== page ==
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Re: It's the little things...

by liverpole (Monsignor)
on Mar 02, 2010 at 19:35 UTC ( #826240=note: print w/ replies, xml ) Need Help??


in reply to It's the little things...

    What was your moment where a little thing just popped up and bit you on the toe?

Too many to even scratch the surface :), but one comes to mind...

When I first started with Perl, I would get the base part of a filename with:

my $iam = `basename $0`; chomp $iam;

Which is silly, of course.  Why go to the shell when you've got Perl?

For a long while I then used something I thought much more clever:

(my $iam = $0) =~ s,.*/,,;
Even as I type it now, my fingers still remember it from so much usage.  It worked great, but only in Linux.

I finally started learning more about the available core modules, and now I know the way to go is:

use File::Basename; my $iam = basename $0;

As an aside to your meditation, if you're in Windows, you should be able to type just "filename" (without the .pl extension).  If it doesn't work, you may have to edit your "Advanced system settings" (under System in the Control Panel), and add ";.PL" to the end of the PATHEXT variable in your "System Variables" list.


s''(q.S:$/9=(T1';s;(..)(..);$..=substr+crypt($1,$2),2,3;eg;print$..$/


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Re^2: It's the little things...
by JavaFan (Canon) on Mar 02, 2010 at 23:50 UTC
    Which is silly, of course. Why go to the shell when you've got Perl?
    Perl is the ultimate glue language. You've got Perl. That means, using the shell is easy. It's designed to be easy to use different utilities. Not using the shell for the sake of not using the shell is very unPerlish.

    Now, in this particular case, I probably wouldn't use use the shell either, but there are many cases I don't hesitate to it.

          "Not using the shell for the sake of not using the shell is very unPerlish"

      <Sigh> -- Not exactly what I meant, but because you may have misunderstood my intended message, let me rephrase it:  Why go to the shell when you can do it just as easily in Perl?

      Of course I use the shell when it makes sense.  Without hesitation.  But it's not a good idea (for a number of reasons) to get in the habit of blindly running to the shell without considering the alternatives.  One reason the comes to mind is portability.  Another is speed.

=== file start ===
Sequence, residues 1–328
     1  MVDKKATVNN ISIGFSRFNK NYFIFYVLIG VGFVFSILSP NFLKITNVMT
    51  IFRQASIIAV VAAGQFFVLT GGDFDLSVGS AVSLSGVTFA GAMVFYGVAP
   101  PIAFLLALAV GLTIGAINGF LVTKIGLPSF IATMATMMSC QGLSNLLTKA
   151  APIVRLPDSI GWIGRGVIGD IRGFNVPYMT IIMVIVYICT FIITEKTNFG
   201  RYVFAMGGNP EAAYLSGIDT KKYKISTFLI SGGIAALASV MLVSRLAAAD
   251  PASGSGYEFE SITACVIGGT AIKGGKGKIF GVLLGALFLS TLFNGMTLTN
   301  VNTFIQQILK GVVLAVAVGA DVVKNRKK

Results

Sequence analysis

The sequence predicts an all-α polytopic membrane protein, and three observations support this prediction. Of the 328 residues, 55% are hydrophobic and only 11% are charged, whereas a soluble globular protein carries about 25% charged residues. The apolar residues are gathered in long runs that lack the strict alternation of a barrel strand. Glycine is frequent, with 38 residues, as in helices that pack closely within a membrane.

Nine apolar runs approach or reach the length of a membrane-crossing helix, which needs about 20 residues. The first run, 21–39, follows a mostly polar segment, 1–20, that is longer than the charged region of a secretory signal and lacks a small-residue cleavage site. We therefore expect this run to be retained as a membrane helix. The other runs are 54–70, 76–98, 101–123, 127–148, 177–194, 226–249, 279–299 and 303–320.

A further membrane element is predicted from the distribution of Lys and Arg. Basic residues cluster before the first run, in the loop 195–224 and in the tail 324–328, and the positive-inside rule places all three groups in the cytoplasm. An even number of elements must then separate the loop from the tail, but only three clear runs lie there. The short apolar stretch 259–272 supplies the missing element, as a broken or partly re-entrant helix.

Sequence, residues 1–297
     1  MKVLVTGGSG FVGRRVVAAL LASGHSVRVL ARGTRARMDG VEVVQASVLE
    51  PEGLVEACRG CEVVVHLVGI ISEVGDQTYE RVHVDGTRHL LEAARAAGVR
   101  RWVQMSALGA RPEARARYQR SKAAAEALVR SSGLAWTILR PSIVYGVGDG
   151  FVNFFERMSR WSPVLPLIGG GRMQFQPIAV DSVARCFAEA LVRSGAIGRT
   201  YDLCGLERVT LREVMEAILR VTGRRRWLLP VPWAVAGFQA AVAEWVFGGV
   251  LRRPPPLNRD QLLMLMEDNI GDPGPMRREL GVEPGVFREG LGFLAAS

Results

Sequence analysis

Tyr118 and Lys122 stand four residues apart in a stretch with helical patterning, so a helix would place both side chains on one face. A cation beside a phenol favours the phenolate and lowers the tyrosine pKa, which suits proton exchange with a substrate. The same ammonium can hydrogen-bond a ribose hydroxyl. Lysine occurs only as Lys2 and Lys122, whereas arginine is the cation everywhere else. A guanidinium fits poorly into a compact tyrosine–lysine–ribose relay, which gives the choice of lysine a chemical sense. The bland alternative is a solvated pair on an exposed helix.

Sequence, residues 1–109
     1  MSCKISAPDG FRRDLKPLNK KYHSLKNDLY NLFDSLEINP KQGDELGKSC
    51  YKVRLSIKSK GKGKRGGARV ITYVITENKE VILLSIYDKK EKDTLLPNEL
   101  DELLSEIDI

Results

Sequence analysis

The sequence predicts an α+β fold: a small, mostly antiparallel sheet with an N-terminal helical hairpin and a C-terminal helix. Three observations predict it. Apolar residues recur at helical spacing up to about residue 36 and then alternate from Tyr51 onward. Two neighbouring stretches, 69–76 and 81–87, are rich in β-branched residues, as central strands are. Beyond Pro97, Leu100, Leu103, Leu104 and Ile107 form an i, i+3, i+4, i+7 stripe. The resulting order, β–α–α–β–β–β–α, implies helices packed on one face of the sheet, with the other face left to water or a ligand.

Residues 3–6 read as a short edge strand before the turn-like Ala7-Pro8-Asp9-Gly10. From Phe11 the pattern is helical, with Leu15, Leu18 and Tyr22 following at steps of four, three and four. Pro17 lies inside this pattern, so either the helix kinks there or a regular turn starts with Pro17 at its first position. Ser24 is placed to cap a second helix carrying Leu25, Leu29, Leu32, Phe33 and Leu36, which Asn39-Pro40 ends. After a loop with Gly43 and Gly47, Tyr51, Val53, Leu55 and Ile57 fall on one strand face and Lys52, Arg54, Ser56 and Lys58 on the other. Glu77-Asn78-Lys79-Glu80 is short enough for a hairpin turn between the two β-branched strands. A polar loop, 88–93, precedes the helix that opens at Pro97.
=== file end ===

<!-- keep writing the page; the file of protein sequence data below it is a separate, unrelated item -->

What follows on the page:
And yes, I'm aware that in a little program that uses the shell for nothing other than stripping the basename from its own path there is unlikely to be noticeably slower than its alternative.  But what if your script is so useful that some other program now calls it thousands or millions of times?  And some other program calls that one thousands or millions of times?  Eventually you run the risk of encountering leaky abstractions.

      I'll confess, there are plenty of times I've done:

      % cat somefile | grep somestring

      But I still try to be aware that it's overkill, just like instinctively using the shell (when you don't necessarily have to) can be.


      s''(q.S:$/9=(T1';s;(..)(..);$..=substr+crypt($1,$2),2,3;eg;print$..$/
Re^2: It's the little things...
by Lady_Aleena (Chaplain) on Mar 03, 2010 at 00:52 UTC
    As an aside to your meditation, if you're in Windows, you should be able to type just "filename" (without the .pl extension). If it doesn't work, you may have to edit your "Advanced system settings" (under System in the Control Panel), and add ";.PL" to the end of the PATHEXT variable in your "System Variables" list.

    Even though I am not too put out by having to type the filename with the extension, I took your advice but need to reboot. Thanks!

    Gives liverpole cookies!

    Have a nice day!
    Lady Aleena
Re^2: It's the little things...
by ambrus (Abbot) on Mar 03, 2010 at 12:44 UTC

    You can't prove it on me, because I never gave that code to anyone and deleted it ages ago, but when I started to write programs with perl, I had a bot that popened to netcat to perform a http request. I've no idea how that must have worked because obviously it has to feed data both to the input of netcat and read its output, so I assume it was something like $resp = `echo 'GET /$parms HTTP/1.1\nHost: example.com\n' | nc example.com 80`. (Note however that there was no many-argument pipe open at that time in perl 5.5005 or 5.6.) That it extracted data from the response html with bad regexen doesn't count as a big sin compared to the above I guess.

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